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http://assets-s3.rollingstone.com/assets/images/album_review/d2ac74f58bd093ddd509aaff70045e343090798b.jpg Cosmo's Factory

Creedence Clearwater Revival

Cosmo's Factory

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September 4, 1974

It should be obvious by now that Creedence Clearwater Revival is one great rock and roll band. Cosmo's Factory, the group's fifth album, is another good reason why.

Four of the eleven cuts have been on previous hit singles; John Fogerty wrote three of the remaining seven, only one of which, "Ramble Tamble," is unsatisfying. Apart from prolific writing, Fogerty's ability to consistently churn out good stuff is largely due to his penchant for rehearsing the band five days a week in a converted warehouse in Berkeley's industrial section. It's doubtless because of this that drummer Doug "Cosmo" Clifford refers to the group's studio as the factory.

The emphasis is not on modern derivatives but on authentic reproductions of, for example, Roy Orbison's vintage "Ooby Dooby." On "My Baby Left Me" the early-Elvis echo-chamber effect and the old Scotty Moore riffs on lead guitar reveal a considerable amount of careful study of the original. Both cuts hold up very well as straight rockabilly.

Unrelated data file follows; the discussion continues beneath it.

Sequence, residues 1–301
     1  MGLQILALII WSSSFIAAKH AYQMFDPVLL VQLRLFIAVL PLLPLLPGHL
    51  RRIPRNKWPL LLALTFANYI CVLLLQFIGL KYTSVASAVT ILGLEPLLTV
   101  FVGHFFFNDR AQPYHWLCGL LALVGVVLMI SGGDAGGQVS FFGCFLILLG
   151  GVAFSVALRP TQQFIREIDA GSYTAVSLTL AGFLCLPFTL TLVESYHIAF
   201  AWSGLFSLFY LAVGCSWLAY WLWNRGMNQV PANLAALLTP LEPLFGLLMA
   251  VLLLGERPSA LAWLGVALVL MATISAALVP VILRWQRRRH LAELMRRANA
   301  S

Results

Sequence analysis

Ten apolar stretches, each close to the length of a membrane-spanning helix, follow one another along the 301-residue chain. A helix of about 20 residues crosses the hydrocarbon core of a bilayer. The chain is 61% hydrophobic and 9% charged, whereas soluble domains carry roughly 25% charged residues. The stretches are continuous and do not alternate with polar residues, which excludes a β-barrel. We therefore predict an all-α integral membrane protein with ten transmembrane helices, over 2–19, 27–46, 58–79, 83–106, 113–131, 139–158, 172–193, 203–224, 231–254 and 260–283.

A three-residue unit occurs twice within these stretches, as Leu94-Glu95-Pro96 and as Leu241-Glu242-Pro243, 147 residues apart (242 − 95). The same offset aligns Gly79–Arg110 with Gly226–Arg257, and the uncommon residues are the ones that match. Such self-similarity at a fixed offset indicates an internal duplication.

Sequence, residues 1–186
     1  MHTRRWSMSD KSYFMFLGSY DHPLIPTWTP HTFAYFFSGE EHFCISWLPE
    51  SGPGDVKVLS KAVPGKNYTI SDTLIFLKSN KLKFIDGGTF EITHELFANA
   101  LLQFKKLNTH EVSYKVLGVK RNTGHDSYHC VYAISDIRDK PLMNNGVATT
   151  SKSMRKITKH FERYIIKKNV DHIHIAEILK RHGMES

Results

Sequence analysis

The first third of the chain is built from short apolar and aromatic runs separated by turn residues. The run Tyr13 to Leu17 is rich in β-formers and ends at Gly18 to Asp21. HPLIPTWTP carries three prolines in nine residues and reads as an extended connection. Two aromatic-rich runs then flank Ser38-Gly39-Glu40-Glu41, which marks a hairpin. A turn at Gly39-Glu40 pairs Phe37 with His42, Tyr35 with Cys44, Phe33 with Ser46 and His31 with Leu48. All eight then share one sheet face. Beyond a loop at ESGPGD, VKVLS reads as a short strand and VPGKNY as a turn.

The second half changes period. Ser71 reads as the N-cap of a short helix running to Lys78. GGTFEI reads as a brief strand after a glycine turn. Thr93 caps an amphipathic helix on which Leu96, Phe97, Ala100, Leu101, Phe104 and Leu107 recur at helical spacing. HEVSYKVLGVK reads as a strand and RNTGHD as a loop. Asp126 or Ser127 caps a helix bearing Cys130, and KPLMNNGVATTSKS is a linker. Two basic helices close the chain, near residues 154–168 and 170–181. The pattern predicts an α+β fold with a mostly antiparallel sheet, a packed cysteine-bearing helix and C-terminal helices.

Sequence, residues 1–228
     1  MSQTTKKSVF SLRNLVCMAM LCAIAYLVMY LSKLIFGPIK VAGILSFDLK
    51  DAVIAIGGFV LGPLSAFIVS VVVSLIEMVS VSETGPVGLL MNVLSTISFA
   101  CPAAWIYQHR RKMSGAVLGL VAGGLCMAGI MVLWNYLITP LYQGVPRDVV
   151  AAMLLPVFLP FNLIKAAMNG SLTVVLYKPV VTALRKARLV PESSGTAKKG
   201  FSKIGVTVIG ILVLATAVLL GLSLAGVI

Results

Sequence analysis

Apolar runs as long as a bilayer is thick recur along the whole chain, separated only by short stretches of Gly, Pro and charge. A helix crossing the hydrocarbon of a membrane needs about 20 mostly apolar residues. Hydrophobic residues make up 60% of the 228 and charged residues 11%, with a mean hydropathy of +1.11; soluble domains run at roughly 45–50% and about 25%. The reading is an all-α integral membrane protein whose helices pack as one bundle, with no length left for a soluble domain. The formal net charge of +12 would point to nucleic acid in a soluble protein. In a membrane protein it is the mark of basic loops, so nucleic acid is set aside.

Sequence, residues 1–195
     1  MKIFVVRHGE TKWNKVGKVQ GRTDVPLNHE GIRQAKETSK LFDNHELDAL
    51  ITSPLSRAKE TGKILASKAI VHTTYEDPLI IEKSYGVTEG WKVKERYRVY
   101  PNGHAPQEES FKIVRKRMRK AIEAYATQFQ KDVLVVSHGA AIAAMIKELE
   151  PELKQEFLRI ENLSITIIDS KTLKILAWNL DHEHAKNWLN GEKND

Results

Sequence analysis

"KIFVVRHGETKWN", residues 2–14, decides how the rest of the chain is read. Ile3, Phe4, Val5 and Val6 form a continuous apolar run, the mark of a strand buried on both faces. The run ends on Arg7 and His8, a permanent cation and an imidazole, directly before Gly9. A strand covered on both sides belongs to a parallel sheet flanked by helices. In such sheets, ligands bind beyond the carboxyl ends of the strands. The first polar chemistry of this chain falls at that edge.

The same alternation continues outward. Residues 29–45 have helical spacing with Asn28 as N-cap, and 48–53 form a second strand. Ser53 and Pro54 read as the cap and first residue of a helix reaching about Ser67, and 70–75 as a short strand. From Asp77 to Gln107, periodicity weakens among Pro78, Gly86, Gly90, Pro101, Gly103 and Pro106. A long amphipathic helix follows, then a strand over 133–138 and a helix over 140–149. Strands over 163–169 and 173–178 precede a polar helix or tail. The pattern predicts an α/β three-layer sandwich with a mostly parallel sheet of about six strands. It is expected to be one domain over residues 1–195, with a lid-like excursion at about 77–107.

"Travelin' Band" qualifies for historical authenticity, even though Fogerty grafts new lyrics onto a modified "Reddy Teddy" melody. He lays down a very credible Little Richard vocal and arrangement, substituting a good tenor shriek for a trademark upper register vibrato. In the absence of machinegun triads on keyboard, he dubs in saxophone—which he now plays.

Besides saxophone, Fogerty is now learning all the other instruments he's always wanted to play. In addition to lead guitar and vocal on Bo Diddley's "Before You Accuse Me" he drops in some fine blues piano riffs but apparently out of modesty keeps them pretty well buried in an easy-going, traditional arrangement. Elsewhere he picks dobro on "Lookin' Out My Back Door." Though not geared for a gut-level Creedence treatment, the song is good car music, great for summer and will probably be commercially successful.

"Who'll Stop the Rain" has the same commercial feel, and amounts to Fogerty's version of a sizable production number with a somber message delivered at a ballad's pace.

Fogerty shows equal facility on "Long As I Can See the Light," a fine composition with more saxophone work and a strong Otis Redding flavor. Released as a single, it could easily end up on soul station play lists, as did "Run Through the Jungle" before it.

It's another damn good album by a group which is going to be around for a long time.

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